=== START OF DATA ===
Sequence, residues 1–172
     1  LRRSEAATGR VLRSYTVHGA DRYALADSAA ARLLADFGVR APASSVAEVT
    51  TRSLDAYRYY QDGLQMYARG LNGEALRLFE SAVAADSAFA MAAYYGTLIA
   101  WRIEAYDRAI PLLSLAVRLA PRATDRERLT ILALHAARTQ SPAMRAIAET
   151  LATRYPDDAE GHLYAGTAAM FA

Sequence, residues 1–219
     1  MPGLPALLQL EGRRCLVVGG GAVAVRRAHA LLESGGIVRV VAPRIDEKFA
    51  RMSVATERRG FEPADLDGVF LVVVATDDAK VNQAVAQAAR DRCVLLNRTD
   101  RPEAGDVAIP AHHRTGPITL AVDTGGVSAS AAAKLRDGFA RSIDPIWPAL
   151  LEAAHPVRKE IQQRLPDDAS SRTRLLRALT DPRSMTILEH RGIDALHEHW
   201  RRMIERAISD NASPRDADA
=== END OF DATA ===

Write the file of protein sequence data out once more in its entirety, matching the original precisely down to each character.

Sequence, residues 1–172
     1  LRRSEAATGR VLRSYTVHGA DRYALADSAA ARLLADFGVR APASSVAEVT
    51  TRSLDAYRYY QDGLQMYARG LNGEALRLFE SAVAADSAFA MAAYYGTLIA
   101  WRIEAYDRAI PLLSLAVRLA PRATDRERLT ILALHAARTQ SPAMRAIAET
   151  LATRYPDDAE GHLYAGTAAM FA

Sequence, residues 1–219
     1  MPGLPALLQL EGRRCLVVGG GAVAVRRAHA LLESGGIVRV VAPRIDEKFA
    51  RMSVATERRG FEPADLDGVF LVVVATDDAK VNQAVAQAAR DRCVLLNRTD
   101  RPEAGDVAIP AHHRTGPITL AVDTGGVSAS AAAKLRDGFA RSIDPIWPAL
   151  LEAAHPVRKE IQQRLPDDAS SRTRLLRALT DPRSMTILEH RGIDALHEHW
   201  RRMIERAISD NASPRDADA